SAN FRANCISCO, Jan.16, 2014 /PRNewswire/ -- Castle Biosciences today announced that study results of a proprietary predictive test for esophageal cancer demonstrated strong accuracy and specificity in identifying patients who are likely to have tumors that are extremely resistant to standard pre-surgical treatment of chemotherapy and radiation. Data from this second validation study were presented today in San Francisco at the 2014 Gastrointestinal Cancers Symposium sponsored by the American Society of Clinical Oncology.
Medical literature shows that approximately 25% of esophageal cancer patients exhibit extreme resistance to standard regimens of chemotherapy and radiation therapy, and therefore do not respond to the pre-surgical treatment. These patients may avoid the toxicities associated with the treatments and instead can be considered for alternative neoadjuvant therapies or move directly to surgery to remove the tumor.
The test, a three-protein biomarker assay, was discovered by researchers at M.D. Anderson Cancer Center (MDACC). Pre-treatment tumor biopsies are used to evaluate treatment resistance with this predictive assay. Studies show it reliably differentiates patients who are complete or partial responders to chemotherapy and radiation from those who are non-responders. The initial, single center validation study of 167 patients demonstrated an accuracy of 92% and specificity of 97%.
In this second, independent, multi-center study presented today, accuracy was 79% and specificity was 95% for classifying which patients are likely to be highly resistant to pre-surgical chemotherapy treatment for esophageal cancer.
"Locally advanced esophageal cancer can be difficult to treat particularly in patients with comorbid illnesses or advanced age," commented Kenneth Kesler MD, Professor of Surgery, Thoracic Oncology Program, Indiana University. "Induction chemotherapy and radiation therapy are recommended prior to surgery in most cases. However, induction therapy can result in significant toxicity and will achieve no clinical benefits in up to a quarter of patients. The ability to identify resistance to certain chemotherapy agents allows selection of alternative chemotherapy agents or treatment strategies."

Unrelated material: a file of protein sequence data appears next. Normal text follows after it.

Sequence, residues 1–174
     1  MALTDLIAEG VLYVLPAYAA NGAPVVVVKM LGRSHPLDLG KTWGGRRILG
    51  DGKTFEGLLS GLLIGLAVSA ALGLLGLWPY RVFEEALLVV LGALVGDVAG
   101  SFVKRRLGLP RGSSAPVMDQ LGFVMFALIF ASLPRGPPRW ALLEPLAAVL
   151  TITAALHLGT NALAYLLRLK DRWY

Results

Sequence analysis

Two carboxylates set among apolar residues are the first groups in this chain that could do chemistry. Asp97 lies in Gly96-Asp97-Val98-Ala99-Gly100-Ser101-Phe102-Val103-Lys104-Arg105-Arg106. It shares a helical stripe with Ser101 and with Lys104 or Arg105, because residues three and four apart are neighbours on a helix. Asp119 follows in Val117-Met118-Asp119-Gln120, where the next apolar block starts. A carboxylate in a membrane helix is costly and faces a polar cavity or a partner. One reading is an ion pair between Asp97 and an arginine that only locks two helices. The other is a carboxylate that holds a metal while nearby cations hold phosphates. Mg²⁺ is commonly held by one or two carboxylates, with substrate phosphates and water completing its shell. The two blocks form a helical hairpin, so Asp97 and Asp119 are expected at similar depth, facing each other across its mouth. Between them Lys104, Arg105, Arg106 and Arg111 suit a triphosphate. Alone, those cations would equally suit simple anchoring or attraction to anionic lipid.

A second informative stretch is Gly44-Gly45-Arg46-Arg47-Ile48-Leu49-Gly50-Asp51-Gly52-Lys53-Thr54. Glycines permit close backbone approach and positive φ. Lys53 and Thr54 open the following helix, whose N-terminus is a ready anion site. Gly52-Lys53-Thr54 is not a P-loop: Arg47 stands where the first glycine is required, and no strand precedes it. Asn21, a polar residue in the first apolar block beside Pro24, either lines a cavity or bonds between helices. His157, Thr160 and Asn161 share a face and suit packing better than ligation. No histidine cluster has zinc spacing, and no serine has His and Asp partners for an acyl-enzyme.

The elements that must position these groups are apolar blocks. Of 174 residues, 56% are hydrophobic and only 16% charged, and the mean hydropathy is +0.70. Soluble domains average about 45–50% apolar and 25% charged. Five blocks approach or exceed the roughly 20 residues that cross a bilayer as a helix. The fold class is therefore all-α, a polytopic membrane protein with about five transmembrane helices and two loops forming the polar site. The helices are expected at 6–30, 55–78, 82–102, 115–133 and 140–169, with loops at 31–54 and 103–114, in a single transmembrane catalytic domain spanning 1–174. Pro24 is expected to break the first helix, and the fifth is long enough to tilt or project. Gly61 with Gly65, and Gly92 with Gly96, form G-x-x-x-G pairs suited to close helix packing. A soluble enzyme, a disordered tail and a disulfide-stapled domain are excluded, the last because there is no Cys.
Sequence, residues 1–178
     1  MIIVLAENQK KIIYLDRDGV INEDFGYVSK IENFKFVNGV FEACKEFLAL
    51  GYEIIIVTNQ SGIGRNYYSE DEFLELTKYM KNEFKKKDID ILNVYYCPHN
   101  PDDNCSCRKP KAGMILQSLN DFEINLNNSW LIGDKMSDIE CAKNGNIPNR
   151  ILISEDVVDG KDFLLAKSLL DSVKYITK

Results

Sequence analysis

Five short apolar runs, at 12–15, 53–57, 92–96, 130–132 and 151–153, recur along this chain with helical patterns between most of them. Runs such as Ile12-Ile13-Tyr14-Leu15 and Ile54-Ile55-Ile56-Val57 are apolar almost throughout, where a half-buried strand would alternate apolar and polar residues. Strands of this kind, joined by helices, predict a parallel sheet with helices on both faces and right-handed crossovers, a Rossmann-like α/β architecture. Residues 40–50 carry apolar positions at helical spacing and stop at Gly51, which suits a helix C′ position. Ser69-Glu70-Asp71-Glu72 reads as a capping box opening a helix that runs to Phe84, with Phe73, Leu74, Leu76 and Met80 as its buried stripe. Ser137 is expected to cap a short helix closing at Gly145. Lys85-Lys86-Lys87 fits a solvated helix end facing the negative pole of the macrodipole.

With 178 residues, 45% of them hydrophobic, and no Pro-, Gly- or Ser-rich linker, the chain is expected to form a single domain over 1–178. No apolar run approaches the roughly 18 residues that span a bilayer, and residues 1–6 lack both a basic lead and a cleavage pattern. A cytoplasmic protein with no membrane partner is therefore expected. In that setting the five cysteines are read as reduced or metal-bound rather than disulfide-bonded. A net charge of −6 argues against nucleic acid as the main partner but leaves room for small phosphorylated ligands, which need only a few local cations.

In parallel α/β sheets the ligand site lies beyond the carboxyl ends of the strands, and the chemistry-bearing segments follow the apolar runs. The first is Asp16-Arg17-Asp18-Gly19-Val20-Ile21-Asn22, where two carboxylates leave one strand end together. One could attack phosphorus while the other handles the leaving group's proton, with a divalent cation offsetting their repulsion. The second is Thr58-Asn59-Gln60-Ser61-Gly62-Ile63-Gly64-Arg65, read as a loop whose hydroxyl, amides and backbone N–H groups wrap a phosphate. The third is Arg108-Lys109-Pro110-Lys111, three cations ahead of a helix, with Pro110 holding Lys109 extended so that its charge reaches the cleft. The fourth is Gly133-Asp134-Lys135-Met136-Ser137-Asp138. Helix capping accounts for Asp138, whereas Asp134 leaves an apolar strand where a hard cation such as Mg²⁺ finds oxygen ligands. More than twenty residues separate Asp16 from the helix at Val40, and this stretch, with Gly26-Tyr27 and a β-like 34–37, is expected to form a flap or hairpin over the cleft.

The predictive algorithm classifies patients as either exCTRT (extreme resistance to chemo-radiation; College of American Pathology Treatment Response Grade 3) or non-exCTRT (non-extreme resistance to chemo-radiation; College of American Pathology Treatment Response Grade 0, 1, or 2). The test, DecisonDx-EC, uses compartmental localization of the biomarkers NF-kB, Gli1 and SHH in pre-treated tumor biopsies to determine a localization index score for each biomarker. This information is then analyzed using a proprietary algorithm to predict exCTRT or non-exCTRT. The test is currently available for physicians to order through Castle Biosciences. More information can be found at www.myesophagealcancer.com.
About Esophageal Cancer
The esophagus is a long, narrow tube that carries food and liquid from the mouth to the stomach. There are two main types of esophageal cancer: adenocarcinoma and squamous cell carcinoma. The most common form of the disease in the U.S. is adenocarcinoma and is most prevalent in Caucasian men between the ages of 50 and 70. Adenocarcinoma, which is one of the fastest growing cancers in the country, has also been linked to obesity – perhaps related to chronic exposure to stomach acid. According to the National Cancer Institute, about 18,000 Americans were diagnosed with esophageal cancer in 2013.
About Castle Biosciences
Castle Biosciences is a molecular diagnostics and prognostics company dedicated to helping patients and their physicians make the best possible decisions about their treatment and follow-up care based on the individual molecular signature of their tumor. The Company currently offers tests for patients with skin melanoma and other rare cancers including uveal melanoma, thymoma, esophageal and brain cancers. More information can be found at www.castlebiosciences.com.
SOURCE Castle Biosciences